Secure identification system
There are a variety of methods on the market.
You can use an ID bracelet, clothing with identification markings, or non-permanent tattoos, and GPS high-tech systems, to name a few.
Safeguard your child and surroundings
Alert kits are available at some hotels.
If not available purchase a portable battery operated Motion Detector Alarm system to be placed on doors and windows in your cabin or hotel room.
Identify & Teach Safety Rules
Determine the safety rules you need to address with your child. Phrase rules regarding what your child should do and be sure to consider your child’s abilities and age.
The rules you identify will reflect where you are traveling.Teach your child safety rules, reinforce the rule on a regular basis. Look for teachable moments to reinforce safety rules so your child will know what to do in a real life setting.
Reinforce Safety Rules Using Interactive Activities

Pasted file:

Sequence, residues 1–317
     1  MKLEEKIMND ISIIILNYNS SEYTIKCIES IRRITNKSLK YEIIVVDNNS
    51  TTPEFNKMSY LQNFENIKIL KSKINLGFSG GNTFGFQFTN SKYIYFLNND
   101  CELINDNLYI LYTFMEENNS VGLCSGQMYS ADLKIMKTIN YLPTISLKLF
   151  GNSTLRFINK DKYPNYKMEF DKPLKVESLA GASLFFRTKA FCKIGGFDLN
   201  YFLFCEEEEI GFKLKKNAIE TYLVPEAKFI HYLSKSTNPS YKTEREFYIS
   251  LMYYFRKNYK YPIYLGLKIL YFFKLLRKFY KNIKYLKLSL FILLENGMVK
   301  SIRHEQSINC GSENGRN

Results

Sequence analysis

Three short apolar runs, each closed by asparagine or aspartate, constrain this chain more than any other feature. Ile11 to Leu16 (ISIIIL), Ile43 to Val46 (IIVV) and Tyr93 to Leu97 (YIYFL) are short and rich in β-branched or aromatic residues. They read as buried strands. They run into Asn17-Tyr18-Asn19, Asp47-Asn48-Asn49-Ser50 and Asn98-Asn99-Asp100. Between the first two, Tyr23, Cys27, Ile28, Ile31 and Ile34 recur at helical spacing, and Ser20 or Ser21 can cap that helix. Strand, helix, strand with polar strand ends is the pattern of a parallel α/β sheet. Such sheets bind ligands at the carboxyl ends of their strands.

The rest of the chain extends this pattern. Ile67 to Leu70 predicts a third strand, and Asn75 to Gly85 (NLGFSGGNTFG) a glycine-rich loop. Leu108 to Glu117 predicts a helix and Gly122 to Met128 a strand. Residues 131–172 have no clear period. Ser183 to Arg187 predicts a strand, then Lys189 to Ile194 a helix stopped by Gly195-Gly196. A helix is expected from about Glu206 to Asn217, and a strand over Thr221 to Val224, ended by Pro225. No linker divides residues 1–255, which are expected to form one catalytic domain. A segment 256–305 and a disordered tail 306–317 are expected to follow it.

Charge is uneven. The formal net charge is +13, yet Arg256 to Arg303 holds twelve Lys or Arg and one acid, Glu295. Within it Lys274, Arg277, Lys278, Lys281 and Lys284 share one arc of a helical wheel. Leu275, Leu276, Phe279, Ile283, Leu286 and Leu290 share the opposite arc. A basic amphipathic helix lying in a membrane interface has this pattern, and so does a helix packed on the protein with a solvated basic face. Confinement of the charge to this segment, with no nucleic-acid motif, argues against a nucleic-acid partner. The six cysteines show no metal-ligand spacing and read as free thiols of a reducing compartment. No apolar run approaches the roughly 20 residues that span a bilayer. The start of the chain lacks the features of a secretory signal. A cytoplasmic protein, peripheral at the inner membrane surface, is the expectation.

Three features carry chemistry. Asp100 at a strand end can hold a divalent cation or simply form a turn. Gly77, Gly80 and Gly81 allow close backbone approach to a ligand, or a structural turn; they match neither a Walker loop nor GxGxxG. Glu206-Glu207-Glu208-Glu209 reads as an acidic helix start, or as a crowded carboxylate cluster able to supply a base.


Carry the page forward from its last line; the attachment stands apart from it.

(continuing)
Our resource book provides interactive safety activities and games.
Refer to available resources
A resource such as ‘The Big Red Safety Tool Kit’ is an excellent resource for parents offered by the National Autism Association.
The FBI also provides a free app for parents for I-Phones and Android operating systems.
In your book, you mention theme parks sensory ratings; where can parents find them?
Many parks offer accessibility guides on their Web site outlining the special provisions and sensory ratings for rides and shows.
How would you encourage parents who have had a bad vacation experience to travel again?
It is important to identify the problematic issues before your next trip.
Our “Dry Run” chapter in our resource book offers strategies to address common travel concerns: Getting Ready for Vacation, Transportation, Vacation Expectations, Interacting with Others, and Staying Safe. The benefits of travel outweigh the downside.
The more practice your child has going places, the easier it will become.
Are there any plans to expand Starbrite; to videos or more books?
We are currently working on our third book, Starbrite Traveler: Destinations for Kids with Special Needs – West Coast Edition.
Jesemine Jones earned a Masters of Social Work from Rutgers University and holds a certificate as a Teacher of the Handicapped. She is currently a social worker in the New Jersey public school system.